Researchers in ECE's Microelectromechanical Systems (MEMS) lab are working on a new way of cooling three dimensional integrated circuits (ICs). According to Masoud Agah, who leads the project, "stacking of silicon layers to create three dimensional integrated circuits has been considered a promising approach to reduce interconnect delays, increase transistor density, and reduce chip area."
However, the heat produced by these new three-dimensional ICs is an obstacle. The heat of an IC increases with the number of layers, but the surface area available for cooling remains unchanged. The team is investigating how to cool these ICs by integrating microchannels into the design.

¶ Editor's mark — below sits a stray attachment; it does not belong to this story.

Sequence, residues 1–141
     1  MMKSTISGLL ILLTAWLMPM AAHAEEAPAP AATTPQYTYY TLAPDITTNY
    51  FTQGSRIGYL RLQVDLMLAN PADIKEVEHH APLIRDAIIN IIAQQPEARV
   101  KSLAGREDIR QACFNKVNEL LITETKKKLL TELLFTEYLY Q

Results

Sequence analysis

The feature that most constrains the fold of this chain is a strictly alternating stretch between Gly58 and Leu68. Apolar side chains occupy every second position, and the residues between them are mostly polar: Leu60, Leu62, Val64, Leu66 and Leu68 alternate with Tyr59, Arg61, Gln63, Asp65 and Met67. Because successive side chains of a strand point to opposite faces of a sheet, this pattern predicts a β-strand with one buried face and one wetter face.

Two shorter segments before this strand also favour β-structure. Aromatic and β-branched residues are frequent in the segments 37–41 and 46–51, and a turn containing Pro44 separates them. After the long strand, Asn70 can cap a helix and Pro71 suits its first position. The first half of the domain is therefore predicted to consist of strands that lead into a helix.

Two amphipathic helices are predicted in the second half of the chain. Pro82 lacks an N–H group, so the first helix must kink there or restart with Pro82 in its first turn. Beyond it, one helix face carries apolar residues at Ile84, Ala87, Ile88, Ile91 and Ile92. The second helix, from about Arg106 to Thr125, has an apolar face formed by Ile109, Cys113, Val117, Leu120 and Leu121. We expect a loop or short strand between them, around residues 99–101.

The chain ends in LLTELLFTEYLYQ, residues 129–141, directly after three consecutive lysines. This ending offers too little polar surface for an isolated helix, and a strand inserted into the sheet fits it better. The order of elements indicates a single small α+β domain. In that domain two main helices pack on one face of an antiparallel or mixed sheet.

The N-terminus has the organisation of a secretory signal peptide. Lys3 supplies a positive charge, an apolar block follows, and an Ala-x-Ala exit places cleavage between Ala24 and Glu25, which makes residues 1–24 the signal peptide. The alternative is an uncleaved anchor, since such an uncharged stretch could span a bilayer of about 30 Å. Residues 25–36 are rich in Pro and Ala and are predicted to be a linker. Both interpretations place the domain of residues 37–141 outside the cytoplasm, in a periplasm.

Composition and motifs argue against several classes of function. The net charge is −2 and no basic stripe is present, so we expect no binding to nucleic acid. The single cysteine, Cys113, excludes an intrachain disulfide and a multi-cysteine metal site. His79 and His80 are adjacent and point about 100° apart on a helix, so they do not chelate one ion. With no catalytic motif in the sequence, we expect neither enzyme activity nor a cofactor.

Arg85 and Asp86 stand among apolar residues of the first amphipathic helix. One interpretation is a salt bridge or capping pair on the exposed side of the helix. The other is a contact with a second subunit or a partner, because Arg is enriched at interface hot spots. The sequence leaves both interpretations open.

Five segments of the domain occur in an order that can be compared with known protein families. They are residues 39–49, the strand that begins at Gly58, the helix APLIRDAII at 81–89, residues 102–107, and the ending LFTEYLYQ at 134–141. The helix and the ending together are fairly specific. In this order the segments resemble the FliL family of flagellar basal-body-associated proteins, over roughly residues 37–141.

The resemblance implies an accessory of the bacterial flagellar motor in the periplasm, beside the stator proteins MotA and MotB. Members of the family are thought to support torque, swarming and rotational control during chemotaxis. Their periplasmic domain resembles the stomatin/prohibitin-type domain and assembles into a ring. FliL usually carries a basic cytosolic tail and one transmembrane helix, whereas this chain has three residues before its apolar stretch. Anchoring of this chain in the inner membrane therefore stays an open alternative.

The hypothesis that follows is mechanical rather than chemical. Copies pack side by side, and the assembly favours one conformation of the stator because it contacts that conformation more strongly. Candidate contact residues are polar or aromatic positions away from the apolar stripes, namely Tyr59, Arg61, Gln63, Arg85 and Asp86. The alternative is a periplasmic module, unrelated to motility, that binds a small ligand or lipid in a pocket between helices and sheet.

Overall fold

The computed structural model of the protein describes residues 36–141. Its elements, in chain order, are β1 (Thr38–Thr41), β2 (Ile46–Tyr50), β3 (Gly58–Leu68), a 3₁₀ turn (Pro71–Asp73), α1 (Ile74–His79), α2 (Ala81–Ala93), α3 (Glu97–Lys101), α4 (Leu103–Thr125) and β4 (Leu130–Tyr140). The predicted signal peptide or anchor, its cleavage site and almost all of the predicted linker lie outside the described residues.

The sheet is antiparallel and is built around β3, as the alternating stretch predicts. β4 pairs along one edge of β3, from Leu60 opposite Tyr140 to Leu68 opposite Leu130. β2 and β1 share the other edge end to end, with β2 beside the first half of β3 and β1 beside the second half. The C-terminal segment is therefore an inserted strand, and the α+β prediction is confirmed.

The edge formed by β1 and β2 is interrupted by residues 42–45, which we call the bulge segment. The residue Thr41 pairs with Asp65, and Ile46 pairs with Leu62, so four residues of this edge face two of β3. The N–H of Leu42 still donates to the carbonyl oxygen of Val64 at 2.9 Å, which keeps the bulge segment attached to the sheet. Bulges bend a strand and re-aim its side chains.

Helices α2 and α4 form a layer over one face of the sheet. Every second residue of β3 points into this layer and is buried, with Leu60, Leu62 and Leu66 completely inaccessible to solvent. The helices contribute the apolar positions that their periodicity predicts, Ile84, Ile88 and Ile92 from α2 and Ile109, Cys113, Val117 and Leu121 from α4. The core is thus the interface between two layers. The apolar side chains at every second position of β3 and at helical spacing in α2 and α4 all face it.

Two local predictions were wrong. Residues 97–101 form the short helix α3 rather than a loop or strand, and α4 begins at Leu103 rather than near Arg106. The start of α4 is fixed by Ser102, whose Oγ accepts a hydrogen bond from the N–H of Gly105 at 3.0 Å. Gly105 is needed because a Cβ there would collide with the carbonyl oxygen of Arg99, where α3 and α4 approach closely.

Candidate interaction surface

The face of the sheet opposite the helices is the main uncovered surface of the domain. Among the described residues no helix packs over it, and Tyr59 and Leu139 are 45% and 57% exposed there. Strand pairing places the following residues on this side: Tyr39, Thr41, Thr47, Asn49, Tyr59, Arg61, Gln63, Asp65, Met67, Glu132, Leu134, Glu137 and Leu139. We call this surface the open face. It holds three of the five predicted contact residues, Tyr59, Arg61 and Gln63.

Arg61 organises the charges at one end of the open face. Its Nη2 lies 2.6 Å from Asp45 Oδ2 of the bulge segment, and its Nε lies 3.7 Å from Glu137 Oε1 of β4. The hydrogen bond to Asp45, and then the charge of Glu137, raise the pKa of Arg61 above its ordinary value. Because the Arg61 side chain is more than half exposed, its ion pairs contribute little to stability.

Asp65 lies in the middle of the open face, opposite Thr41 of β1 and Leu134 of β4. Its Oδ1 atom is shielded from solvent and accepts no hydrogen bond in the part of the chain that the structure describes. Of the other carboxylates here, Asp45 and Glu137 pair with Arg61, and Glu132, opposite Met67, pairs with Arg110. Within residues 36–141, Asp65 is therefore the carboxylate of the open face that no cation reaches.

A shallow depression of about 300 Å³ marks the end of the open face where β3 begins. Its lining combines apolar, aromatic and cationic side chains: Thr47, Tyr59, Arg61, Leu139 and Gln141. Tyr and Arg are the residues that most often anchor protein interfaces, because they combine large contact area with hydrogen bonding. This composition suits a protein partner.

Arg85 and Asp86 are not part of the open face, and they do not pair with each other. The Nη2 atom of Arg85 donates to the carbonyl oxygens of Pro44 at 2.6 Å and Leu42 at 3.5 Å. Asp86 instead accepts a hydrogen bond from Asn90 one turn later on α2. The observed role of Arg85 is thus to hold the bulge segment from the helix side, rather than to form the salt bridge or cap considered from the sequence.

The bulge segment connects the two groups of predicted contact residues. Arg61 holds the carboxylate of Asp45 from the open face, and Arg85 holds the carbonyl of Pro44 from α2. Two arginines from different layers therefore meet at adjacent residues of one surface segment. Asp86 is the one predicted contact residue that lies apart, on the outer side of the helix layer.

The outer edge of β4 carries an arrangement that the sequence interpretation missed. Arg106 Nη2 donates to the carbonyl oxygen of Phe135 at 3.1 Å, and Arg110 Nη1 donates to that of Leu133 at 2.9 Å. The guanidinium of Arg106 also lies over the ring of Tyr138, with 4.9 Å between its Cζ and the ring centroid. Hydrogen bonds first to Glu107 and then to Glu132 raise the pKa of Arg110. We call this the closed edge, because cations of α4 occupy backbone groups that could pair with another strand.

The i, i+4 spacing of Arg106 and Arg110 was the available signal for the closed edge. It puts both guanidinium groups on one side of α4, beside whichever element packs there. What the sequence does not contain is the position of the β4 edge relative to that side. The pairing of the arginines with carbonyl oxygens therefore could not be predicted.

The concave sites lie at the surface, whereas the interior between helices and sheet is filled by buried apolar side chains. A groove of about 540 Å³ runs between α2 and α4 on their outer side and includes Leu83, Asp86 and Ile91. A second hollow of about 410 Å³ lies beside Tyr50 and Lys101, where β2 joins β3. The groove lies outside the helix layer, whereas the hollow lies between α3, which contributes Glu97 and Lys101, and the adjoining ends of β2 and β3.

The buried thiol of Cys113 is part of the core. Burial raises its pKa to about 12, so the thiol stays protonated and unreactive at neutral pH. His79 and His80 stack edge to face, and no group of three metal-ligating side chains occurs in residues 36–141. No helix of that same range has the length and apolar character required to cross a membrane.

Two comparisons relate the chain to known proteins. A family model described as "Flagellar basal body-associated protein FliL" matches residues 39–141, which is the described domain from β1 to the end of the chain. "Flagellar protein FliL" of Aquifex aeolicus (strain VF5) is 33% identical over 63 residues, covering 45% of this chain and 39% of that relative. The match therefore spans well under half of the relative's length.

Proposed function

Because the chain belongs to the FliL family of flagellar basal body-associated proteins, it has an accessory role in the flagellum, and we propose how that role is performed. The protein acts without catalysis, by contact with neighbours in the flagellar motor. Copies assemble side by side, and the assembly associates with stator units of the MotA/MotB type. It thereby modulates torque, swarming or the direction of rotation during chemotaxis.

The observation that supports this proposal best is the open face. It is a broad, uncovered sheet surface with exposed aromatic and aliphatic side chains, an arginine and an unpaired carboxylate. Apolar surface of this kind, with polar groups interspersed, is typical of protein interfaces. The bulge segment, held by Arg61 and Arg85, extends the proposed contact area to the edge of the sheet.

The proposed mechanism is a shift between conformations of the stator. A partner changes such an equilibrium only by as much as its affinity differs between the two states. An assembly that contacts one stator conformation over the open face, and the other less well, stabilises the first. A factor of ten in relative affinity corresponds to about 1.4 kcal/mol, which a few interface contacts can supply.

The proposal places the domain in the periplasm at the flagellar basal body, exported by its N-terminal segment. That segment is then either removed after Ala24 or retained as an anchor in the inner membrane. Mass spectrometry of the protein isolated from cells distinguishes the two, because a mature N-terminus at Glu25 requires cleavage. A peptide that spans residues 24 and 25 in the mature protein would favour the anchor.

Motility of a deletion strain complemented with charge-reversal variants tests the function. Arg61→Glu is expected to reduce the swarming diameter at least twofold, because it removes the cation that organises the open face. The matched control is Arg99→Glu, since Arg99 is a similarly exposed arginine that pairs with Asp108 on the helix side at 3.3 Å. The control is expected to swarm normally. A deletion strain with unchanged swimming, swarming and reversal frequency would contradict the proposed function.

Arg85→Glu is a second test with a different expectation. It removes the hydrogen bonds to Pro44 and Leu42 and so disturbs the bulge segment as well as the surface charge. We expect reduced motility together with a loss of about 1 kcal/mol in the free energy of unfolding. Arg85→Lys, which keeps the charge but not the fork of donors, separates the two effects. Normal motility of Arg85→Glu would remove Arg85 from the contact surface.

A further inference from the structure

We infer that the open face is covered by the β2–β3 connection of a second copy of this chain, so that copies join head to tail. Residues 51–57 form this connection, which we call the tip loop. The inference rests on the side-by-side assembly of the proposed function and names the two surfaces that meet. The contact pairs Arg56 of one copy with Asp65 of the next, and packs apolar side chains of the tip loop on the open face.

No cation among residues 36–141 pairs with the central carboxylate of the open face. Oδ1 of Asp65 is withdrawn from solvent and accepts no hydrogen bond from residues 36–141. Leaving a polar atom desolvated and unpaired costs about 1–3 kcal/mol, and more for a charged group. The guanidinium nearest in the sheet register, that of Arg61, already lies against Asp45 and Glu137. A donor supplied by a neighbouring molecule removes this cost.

The microchannels "require fewer masks and fewer process steps than previous methods," says Agah, "furthermore, three different channel geometries were simulated using computational fluid dynamics to prove that channels fabricated using this method could adequately cool future integrated circuits." Physical testing verified these simulations. Of the three geometries they are working with, the micro-fin geometry has the highest heat transfer capability and lowest simulated substrate temperatures.